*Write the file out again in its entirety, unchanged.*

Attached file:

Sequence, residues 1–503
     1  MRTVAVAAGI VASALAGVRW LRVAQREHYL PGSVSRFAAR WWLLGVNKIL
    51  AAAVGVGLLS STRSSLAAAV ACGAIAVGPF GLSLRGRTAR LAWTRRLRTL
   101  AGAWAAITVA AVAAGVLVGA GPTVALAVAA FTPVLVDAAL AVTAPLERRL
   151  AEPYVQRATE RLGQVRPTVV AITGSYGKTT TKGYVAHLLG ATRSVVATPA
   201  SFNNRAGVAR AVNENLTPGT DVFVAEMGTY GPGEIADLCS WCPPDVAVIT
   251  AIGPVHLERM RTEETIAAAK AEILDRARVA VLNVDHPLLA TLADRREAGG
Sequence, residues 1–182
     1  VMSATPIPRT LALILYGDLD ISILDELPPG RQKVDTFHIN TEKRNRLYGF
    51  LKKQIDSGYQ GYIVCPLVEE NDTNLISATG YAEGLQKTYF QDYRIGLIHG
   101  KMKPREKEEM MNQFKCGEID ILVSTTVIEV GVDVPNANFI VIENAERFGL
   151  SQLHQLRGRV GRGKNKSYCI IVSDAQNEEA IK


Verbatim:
Sequence, residues 1–503
     1  MRTVAVAAGI VASALAGVRW LRVAQREHYL PGSVSRFAAR WWLLGVNKIL
    51  AAAVGVGLLS STRSSLAAAV ACGAIAVGPF GLSLRGRTAR LAWTRRLRTL
   101  AGAWAAITVA AVAAGVLVGA GPTVALAVAA FTPVLVDAAL AVTAPLERRL
   151  AEPYVQRATE RLGQVRPTVV AITGSYGKTT TKGYVAHLLG ATRSVVATPA
   201  SFNNRAGVAR AVNENLTPGT DVFVAEMGTY GPGEIADLCS WCPPDVAVIT
   251  AIGPVHLERM RTEETIAAAK AEILDRARVA VLNVDHPLLA TLADRREAGG
Sequence, residues 1–182
     1  VMSATPIPRT LALILYGDLD ISILDELPPG RQKVDTFHIN TEKRNRLYGF
    51  LKKQIDSGYQ GYIVCPLVEE NDTNLISATG YAEGLQKTYF QDYRIGLIHG
   101  KMKPREKEEM MNQFKCGEID ILVSTTVIEV GVDVPNANFI VIENAERFGL
   151  SQLHQLRGRV GRGKNKSYCI IVSDAQNEEA IK